- Parent Category: Events
- Category: Recent Events
- Published on Wednesday, 28 April 2010 10:39
- Written by Jennifer Marino
The ASC Presidents Award was given to Sol Negrin, ASC by his son, Michael Negrin, ASC, in recognition of his accomplishments as a cinematographer. With over 60 years in the film industry, Negrin expressed his gratitude to his colleagues, especially George Spiro Dibie, ASC. “We traveled a lot of roads together. In fact, he calls me ‘cousin’ … and even ‘sexy’ sometimes,” Negrin kidded.
While presenting the Television Episodic Series/Pilot Award to Eagle Egilsson, Actress Amanda Righetti commented on the variety of films nominated for the category. “The stories range from undercover cops in Los Angeles to forensic specialists in Las Vegas [and] a New Yorker struggling to be fashionable to a would-be superhero,” she said. “The common denominator is that artful cinematography helped to transport audiences into their worlds.”
Actor Tim Roth, who humored the audience with his indecision about which side to face, presented Chris Menges, ASC, BSC with the ASC International Award, and referred to the cinematographer as “the epitome of a great collaborator.” Menges took the stage to thank the directors and other people he has worked with over the years. “You can’t make your dreams come true without lots of help,” he said.
The Television Movie/Miniseries Award was presented to Alar Kivilo, ASC, CSC by Actor Ryan O’Neal, who joked about how lucky cinematographers were to work with him. “Watching professionals at work is like watching paint dry,” he teased. O’Neal brought along his daughter, Tatum O’Neal, who attended the event to commemorate the late Cinematographer Andrew Laszlo, ASC.
Michael O’Shea, ASC presented the Career Achievement in Television Award to John C. Flinn III, ASC. “Whatever John says about me is not true,” said O’Shea. “He had black hair when I met him, and 43 years later he still has black hair. How does [that happen]?” Flinn, who is famous for his work on “Hill Street Blues,” “Magnum, P.I.” and “Saving Grace,” proudly accepted the accolade. “What a surprise and a privilege …What an honor,” he said. “Work hard, pay attention, ask a lot of questions and your dreams [will] come true.”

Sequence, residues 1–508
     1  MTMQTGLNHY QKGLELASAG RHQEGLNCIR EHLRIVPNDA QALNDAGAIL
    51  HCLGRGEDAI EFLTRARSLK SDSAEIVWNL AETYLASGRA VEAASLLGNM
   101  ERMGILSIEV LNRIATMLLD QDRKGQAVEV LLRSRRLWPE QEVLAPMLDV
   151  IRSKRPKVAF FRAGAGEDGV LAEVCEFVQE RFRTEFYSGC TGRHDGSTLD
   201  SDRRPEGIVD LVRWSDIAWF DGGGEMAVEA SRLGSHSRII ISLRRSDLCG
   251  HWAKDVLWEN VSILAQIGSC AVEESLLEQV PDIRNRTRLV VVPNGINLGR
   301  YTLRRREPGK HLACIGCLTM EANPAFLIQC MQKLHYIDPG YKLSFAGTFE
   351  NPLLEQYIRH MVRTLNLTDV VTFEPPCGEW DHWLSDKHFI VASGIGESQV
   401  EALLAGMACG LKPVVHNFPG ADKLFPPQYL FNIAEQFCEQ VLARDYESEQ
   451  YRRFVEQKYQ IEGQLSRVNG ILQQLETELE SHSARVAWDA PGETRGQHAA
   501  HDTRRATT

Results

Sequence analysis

Tom Stern, ASC presented the Board of Governors Award to Actor Morgan Freeman in recognition of his career and contributions to film. Stern worked with Freeman on Million Dollar Baby and Invictus. Freeman, who collected his sixth Oscar nomination this year for his portrayal of Nelson Mandela, praised cinematographers in a short but sweet speech. “You’re at the forefront of technology while maintaining creative integrity,” he said.
Actors Zooey and Emily Deschanel presented the ASC Lifetime Achievement Award to their father, Caleb Deschanel, ASC and reflected on memorable family moments. The sisters referred to him as “a ruthless storyteller … scheming to get the best out of every moment.” While accepting the award, Deschanel spoke about his devotion to the film format. “I love the uncertainty of shooting on film,” he said. “Images rise more than anything you can imagine when they appear on screen. I like digital, but digital lacks mystery and the element of surprise … I love pushing the limits of film and fearing it. And [since film isn’t instant], you think of it as a dream, a journey to the lab.” Deschanel ended his speech by humorously reflecting on his career: “I’ve gotten death threats, hate mail, and I’ve been fired by hugely famous people.”
Actor Timothy Dalton presented the Feature Film Award to Christian Berger, AAC, but first honored cinema. “Movies are amazing,” he said. “You walk into a darkened theater and are swept up in a story steeped in fact or built on fantasy and everything in between. You can fall in love with characters or the story can break your heart.”
ASC also recognized the next generation of cinematographers by presenting the ASC Richard Moore Student Heritage Award to American Film Institute graduate student Benji Bakshi and Loyola Marymount University undergrad Garrett Shannon.